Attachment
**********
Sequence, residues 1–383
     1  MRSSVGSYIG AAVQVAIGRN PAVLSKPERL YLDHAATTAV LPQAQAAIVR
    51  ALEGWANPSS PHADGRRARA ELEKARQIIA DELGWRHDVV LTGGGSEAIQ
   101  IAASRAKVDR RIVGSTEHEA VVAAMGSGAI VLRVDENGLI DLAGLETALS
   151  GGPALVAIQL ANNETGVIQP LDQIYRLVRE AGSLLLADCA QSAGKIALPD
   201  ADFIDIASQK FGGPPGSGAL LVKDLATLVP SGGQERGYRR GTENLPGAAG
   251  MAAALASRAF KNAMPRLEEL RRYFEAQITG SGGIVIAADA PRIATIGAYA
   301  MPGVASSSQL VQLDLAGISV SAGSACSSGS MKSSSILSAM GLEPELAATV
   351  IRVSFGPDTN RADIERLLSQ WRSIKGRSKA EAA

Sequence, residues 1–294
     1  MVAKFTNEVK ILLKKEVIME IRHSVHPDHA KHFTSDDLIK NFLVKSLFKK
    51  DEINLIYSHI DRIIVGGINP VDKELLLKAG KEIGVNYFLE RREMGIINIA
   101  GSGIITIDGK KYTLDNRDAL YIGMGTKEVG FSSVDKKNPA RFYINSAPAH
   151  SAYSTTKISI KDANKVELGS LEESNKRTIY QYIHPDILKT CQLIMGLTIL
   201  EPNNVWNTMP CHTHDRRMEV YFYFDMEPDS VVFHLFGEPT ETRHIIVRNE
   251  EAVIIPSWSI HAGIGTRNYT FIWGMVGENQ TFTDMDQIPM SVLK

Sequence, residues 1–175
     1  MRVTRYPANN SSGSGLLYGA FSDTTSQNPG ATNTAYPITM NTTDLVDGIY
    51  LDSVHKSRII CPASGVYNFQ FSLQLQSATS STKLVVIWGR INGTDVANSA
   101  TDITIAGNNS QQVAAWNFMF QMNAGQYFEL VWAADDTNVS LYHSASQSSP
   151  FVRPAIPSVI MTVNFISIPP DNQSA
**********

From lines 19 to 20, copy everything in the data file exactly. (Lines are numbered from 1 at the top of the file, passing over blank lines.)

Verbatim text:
    51  LDSVHKSRII CPASGVYNFQ FSLQLQSATS STKLVVIWGR INGTDVANSA
   101  TDITIAGNNS QQVAAWNFMF QMNAGQYFEL VWAADDTNVS LYHSASQSSP